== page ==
Along with Tteokguk, a soup made with sliced rice cakes, another Korean people’s traditional New Year’s signature dish is mandu (dumpling, gyoza or wonton).
It is a Korean dish with a particularly long history that was considered so delicious that it was even able to pacify the wrath of the gods.
Mandu is made by wrapping a meat and vegetable filling with circle-shaped pieces of dough.
In particular, it is a long tradition for Korean family members to gather around the table to make mandu in preparation for the New Year’s feast, inheriting a mantra “To have a prettier baby, you should make a good shape of mandu.”
Flour dough is rolled out and cut into circular pieces, each of which is filled with a meat and vegetable filling.
Mandu is also a special treat made for banquets or ancestral worship rituals and is usually enjoyed in the long winter months.
Mandu boiled in clear beef soup is called mandut guk, and steamed mandu without soup is either kimchi mandu(filled with kimchi), or koki mandu(filled with beef or pork).
Mandu was originally a Chinese dish said to have been invented by Zhuge Liang.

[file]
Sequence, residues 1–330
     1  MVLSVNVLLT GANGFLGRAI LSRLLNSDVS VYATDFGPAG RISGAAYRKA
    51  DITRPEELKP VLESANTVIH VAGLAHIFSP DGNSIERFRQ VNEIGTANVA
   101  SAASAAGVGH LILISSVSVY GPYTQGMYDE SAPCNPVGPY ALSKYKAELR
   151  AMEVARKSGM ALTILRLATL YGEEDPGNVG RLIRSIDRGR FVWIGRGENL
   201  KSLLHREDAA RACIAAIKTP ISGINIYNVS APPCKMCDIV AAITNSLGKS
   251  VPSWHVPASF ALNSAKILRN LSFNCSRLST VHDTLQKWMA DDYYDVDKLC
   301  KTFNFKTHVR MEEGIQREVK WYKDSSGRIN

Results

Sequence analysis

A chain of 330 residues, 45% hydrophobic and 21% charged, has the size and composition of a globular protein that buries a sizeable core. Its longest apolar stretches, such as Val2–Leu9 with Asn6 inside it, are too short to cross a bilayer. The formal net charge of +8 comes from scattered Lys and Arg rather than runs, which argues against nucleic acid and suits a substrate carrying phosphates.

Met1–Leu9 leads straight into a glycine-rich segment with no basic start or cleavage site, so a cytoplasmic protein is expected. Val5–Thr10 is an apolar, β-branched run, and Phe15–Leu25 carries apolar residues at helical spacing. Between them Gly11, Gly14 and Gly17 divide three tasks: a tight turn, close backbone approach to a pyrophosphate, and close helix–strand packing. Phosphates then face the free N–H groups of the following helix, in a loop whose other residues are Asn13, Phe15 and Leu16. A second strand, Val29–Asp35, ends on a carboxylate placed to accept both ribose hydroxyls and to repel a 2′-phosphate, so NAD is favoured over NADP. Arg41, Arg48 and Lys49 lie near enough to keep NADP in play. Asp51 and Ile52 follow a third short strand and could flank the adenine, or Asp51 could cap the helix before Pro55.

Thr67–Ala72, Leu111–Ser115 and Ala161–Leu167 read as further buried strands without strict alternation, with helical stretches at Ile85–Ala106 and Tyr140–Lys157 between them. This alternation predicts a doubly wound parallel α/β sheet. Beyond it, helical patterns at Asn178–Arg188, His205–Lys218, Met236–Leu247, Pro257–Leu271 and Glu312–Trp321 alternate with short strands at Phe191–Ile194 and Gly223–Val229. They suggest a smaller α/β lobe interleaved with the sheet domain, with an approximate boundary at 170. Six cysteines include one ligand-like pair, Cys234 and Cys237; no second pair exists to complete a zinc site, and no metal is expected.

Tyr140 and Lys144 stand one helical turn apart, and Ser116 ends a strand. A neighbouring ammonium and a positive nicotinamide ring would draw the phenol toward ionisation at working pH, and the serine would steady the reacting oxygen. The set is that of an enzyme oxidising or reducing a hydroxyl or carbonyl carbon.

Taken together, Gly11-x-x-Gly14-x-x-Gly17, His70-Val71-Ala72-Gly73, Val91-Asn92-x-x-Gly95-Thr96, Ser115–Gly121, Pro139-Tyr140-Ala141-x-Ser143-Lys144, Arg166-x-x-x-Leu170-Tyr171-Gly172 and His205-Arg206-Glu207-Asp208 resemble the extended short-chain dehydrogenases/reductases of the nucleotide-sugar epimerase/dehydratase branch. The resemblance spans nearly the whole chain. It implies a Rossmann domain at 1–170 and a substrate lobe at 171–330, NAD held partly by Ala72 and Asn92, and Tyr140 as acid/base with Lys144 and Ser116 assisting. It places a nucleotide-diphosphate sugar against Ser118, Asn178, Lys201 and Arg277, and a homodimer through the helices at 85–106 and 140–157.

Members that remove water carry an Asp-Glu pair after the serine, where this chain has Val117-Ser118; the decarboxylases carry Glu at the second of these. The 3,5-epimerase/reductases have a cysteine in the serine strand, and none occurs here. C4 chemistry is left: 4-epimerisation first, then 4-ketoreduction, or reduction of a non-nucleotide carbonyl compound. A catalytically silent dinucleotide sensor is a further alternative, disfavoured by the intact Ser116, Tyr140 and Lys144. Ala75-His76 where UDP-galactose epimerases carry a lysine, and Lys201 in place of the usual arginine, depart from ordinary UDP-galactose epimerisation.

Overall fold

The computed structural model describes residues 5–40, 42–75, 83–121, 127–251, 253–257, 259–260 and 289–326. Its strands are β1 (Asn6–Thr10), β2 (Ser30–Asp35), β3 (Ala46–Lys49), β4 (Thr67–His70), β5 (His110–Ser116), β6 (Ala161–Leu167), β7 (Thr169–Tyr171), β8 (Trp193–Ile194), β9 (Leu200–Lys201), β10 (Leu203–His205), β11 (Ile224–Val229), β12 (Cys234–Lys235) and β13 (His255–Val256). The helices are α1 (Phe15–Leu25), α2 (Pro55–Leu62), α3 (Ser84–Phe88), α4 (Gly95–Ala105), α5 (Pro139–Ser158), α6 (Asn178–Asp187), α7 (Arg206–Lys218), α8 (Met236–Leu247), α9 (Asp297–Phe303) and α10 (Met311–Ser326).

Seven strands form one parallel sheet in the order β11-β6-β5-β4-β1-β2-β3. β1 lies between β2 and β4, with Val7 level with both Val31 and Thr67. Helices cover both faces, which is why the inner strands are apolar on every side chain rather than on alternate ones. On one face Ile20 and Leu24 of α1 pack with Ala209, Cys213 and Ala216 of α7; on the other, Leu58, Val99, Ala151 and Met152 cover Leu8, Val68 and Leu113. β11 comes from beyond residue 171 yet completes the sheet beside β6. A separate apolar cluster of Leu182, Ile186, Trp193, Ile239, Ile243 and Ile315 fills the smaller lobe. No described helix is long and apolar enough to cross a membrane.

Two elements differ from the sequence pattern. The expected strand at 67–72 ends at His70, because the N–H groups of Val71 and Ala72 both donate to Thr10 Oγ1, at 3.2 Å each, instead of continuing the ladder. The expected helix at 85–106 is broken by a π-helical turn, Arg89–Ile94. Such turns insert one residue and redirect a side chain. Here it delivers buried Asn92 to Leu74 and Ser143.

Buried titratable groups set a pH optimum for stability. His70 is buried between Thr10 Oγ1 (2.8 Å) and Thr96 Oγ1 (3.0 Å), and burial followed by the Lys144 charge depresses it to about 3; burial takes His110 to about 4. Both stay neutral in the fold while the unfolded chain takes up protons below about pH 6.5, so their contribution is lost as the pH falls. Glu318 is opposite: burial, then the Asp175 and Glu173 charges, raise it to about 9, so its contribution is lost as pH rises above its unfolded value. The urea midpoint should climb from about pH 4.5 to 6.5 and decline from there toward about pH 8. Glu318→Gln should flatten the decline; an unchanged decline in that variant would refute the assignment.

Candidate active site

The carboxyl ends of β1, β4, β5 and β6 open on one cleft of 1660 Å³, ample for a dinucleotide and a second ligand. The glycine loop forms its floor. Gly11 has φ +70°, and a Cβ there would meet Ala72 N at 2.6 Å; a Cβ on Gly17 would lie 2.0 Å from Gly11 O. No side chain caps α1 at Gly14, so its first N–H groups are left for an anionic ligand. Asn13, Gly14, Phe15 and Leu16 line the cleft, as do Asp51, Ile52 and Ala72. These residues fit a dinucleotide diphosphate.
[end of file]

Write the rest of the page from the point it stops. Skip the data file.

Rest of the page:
On the return home after his Southern Campaign, Zhuge Liang was met by strong winds and a torrential river that prevented him from crossing.
People told him that he had angered the river spirit and that he would have to throw 49 heads into the river to guarantee safe passage.
However, unable to take innocent lives, Zhuge Liang molded dough into the shape of a human head, filled it with beef and mutton, and presented it as an offering to the river spirit.
Shortly after, the river became calm once more.
The locals believed that the river had been calmed by the food offered by Zhuge Liang and began calling it mantou, or “head that deceives.”
This head-shaped mandu spread to the northern regions and eventually became one of the most popular Chinese foods.
Mandu was later brought to Korea and Japan, becoming a favorite delicacy of all three East Asian countries.